Roman statue on display
Jerusalem A centuries-old statue of Venus, headless but vibrant with color and detail, went on display Wednesday at the Israel Museum, a decade after it was discovered in northern Israel.
The life-size marble work represents one of the most important discoveries of Roman sculpture in the world, said James Snyder, director of the museum.
The statue was discovered in 1993 in an ancient bathhouse during an archaeological dig in Beit Shean, a small city near the Jordan River and the Sea of Galilee. The Hebrew University archeologists who excavated the Venus sculpture uncovered several works also intended to decorate the lavish bathing area, including Dionysus, a goddess Athena, a headless emperor and a nymph.
With locks of hair curling around the collarbone of the headless sculpture, the figure is modeled after a stance called the “timid Venus,” particularly striking because the sculpture’s missing hands reveal parts of her body that the artist intended to partially hide. A winged Eros as a pudgy child riding a dolphin supports her left leg.
Archaeologist Gideon Foerster said the half-ton statue stood for 400 years. He and his colleagues believe the Venus was sculpted in the town of Aphrodisias in modern Turkey.
Dudi Mevorach, chief curator of the museum’s Roman, Hellenistic and Byzantine exhibits, said the statue has the best-preserved color of any Roman-era sculptures discovered in the world.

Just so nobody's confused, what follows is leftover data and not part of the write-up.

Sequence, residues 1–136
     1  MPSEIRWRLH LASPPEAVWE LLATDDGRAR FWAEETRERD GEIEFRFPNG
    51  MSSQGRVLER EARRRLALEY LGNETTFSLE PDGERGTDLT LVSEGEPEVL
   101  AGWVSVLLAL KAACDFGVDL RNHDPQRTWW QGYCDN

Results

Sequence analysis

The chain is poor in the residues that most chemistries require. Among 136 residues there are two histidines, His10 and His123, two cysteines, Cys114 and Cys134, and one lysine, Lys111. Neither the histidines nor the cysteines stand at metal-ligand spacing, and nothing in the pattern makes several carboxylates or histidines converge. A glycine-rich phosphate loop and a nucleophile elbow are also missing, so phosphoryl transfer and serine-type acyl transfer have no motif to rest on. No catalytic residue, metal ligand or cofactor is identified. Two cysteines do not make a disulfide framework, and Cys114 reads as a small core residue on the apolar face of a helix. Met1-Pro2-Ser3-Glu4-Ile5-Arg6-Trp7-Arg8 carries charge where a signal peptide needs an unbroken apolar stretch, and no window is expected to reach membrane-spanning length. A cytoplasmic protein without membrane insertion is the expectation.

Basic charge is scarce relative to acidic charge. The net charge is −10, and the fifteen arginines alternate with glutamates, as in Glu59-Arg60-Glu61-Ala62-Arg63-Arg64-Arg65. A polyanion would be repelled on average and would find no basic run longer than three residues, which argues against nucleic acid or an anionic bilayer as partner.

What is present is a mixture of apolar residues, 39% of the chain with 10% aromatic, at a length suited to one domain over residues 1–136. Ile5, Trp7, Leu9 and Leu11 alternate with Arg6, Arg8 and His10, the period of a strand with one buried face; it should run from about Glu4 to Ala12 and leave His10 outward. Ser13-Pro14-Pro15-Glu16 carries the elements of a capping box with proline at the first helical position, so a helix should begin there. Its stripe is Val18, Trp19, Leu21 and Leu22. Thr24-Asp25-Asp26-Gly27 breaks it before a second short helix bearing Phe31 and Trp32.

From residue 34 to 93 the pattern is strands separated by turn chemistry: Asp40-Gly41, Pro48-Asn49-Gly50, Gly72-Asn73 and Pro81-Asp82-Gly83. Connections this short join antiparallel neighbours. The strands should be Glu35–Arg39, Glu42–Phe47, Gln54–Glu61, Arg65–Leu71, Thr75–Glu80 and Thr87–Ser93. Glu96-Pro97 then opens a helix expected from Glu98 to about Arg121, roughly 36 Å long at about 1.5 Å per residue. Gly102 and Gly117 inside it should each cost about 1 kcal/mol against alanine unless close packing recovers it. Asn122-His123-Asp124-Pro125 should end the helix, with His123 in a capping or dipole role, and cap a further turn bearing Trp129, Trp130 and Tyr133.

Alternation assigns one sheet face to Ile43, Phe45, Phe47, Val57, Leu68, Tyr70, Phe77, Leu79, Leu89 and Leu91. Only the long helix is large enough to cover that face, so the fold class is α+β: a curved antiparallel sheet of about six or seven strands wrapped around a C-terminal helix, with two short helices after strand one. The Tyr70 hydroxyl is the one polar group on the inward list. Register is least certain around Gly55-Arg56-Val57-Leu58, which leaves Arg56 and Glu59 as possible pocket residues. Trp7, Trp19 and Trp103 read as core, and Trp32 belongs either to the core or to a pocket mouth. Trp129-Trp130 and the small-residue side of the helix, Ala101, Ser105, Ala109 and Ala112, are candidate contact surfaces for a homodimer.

Chinese arrest Catholic officials
Vatican City The Vatican said Saturday that Chinese authorities have carried out a new series of arrests of officials from that country’s non-government controlled Catholic Church.
The most recent arrest occurred Wednesday, when a priest was picked up in Hebei, the same diocese whose bishop was arrested Jan. 3.
The statement said security forces also detained the 86-year-old bishop of Wenzhou, Monsignor James Lin Xili, on March 20 and two days later a lay official of the diocese.
China broke ties with the Vatican in 1951 and demands that Catholics worship only in churches approved by the state-controlled church group, which does not recognize the pope’s authority. However, even state churches acknowledge the pope as a spiritual leader.
Wedding song to have short life
London A composer has written a one-minute fanfare celebrating the marriage of Prince Charles and Camilla Parker Bowles that will be played just once – during the ceremony.
Guests at St. George’s Chapel, Windsor, where a blessing will take place right after the wedding next week, will be the first and last to hear the brief “Celebration Fanfare.”
Welsh composer Alun Hoddinott, 76, has written the 60 seconds of music to accompany the closely choreographed movements of Charles and Camilla as they exit the chapel.
The couple will be at the chapel after their civil wedding for a blessing presided over by the Archbishop of Canterbury.
The composer, a former professor of music at University College, Cardiff, has previously written pieces to mark the 16th birthday of Charles and his investiture as Prince of Wales.